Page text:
A Minnesota law firm may have "potentially relevant" information for determining who should inherit Prince's estate, a judge said in an order released Wednesday that didn't hint at what that information might be, though one expert said it's probably not a will.
Carver County Judge Kevin Eide gave permission to Minneapolis law firm Henson & Efron, which formerly represented Prince, to privately share its information with Bremer Trust, the special administrator overseeing Prince's estate.
The order, dated July 6 but not released until Wednesday, said Henson & Efron "might possess confidential information potentially relevant to the determination of the appropriate beneficiaries" of the musician's estate. It gave no details about that information.
Prince died in April of an accidental drug overdose. No will has surfaced for how to divide his fortune, which the special administrator has said could be worth up to $300 million. The court hasn't ruled on whether his siblings and half-siblings or other potential relatives should be designated as his heirs, or whether a handful of people who've made unverified claims that Prince might be their father have valid claims to his estate.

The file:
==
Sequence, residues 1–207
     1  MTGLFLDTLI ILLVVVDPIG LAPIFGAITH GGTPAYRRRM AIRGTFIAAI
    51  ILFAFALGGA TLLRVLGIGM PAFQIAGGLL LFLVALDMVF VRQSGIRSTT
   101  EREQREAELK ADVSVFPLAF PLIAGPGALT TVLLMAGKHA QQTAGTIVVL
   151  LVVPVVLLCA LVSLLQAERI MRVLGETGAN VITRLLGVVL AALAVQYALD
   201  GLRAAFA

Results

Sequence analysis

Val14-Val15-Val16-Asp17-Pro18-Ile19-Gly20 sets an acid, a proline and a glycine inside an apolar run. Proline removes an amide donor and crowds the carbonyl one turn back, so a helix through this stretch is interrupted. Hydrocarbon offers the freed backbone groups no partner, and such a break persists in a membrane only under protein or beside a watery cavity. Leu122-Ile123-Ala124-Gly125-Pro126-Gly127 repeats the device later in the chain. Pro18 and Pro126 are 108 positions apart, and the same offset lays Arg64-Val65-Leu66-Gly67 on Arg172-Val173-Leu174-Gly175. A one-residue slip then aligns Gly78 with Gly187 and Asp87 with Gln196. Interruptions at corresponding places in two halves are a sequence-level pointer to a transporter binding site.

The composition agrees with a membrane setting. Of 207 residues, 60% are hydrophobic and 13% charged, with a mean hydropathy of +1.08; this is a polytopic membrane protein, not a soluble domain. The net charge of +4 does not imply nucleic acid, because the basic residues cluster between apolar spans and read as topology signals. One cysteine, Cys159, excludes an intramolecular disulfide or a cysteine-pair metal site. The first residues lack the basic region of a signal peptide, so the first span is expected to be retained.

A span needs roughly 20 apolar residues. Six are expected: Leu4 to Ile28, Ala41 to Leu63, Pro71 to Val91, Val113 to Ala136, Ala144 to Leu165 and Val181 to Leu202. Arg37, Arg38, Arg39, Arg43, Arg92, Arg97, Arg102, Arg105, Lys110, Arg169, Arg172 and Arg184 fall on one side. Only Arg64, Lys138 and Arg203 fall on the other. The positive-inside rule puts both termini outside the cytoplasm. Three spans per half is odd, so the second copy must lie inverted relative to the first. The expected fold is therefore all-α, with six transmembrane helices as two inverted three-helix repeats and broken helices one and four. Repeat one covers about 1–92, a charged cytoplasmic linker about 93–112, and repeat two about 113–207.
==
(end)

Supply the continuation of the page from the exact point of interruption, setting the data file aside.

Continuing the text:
Attorneys for Bremer Trust and Henson & Efron didn't immediately return calls seeking comment.
Judith Younger, an estate law professor at the University of Minnesota Law School who isn't involved in the case, said whatever the new information is, "it's probably something less than a will." Any lawyer holding a valid will for Prince would have been legally obligated to produce it sooner, assuming they knew they had it, she said.
It's possible that Prince once had a will but revoked it, it could be a draft will that was never executed or it could have been something as simple as a conversation involving Prince's lawyers, Younger said. But she added that it's hard to see how anything like that could have a legal effect if it wasn't properly written and executed.
"It's very strange, isn't it? Very mysterious," she said with a laugh.
Eide's order allows the trust company and the law firm to discuss the information, which Eide said is considered confidential under attorney-client privilege and other protections, but any resulting submissions to the court must be filed under seal.
It wasn't immediately clear how long Henson & Efron represented Prince, who changed lawyers frequently throughout his career. But the firm represented him in his 2006 divorce from Manuela Testolini Nelson.